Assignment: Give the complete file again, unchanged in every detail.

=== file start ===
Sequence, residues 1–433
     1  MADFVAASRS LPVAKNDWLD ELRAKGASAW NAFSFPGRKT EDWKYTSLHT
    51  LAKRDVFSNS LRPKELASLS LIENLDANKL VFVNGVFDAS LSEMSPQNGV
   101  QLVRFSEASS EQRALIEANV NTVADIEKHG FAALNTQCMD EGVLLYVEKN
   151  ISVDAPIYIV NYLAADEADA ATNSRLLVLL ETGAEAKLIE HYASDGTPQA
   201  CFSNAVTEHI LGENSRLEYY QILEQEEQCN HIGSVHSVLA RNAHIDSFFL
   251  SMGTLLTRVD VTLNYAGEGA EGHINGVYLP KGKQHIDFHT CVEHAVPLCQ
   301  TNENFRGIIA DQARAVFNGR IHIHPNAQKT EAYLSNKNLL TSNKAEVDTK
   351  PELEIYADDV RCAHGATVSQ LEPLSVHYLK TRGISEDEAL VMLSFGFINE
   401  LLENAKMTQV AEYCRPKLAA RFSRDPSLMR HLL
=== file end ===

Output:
Sequence, residues 1–433
     1  MADFVAASRS LPVAKNDWLD ELRAKGASAW NAFSFPGRKT EDWKYTSLHT
    51  LAKRDVFSNS LRPKELASLS LIENLDANKL VFVNGVFDAS LSEMSPQNGV
   101  QLVRFSEASS EQRALIEANV NTVADIEKHG FAALNTQCMD EGVLLYVEKN
   151  ISVDAPIYIV NYLAADEADA ATNSRLLVLL ETGAEAKLIE HYASDGTPQA
   201  CFSNAVTEHI LGENSRLEYY QILEQEEQCN HIGSVHSVLA RNAHIDSFFL
   251  SMGTLLTRVD VTLNYAGEGA EGHINGVYLP KGKQHIDFHT CVEHAVPLCQ
   301  TNENFRGIIA DQARAVFNGR IHIHPNAQKT EAYLSNKNLL TSNKAEVDTK
   351  PELEIYADDV RCAHGATVSQ LEPLSVHYLK TRGISEDEAL VMLSFGFINE
   401  LLENAKMTQV AEYCRPKLAA RFSRDPSLMR HLL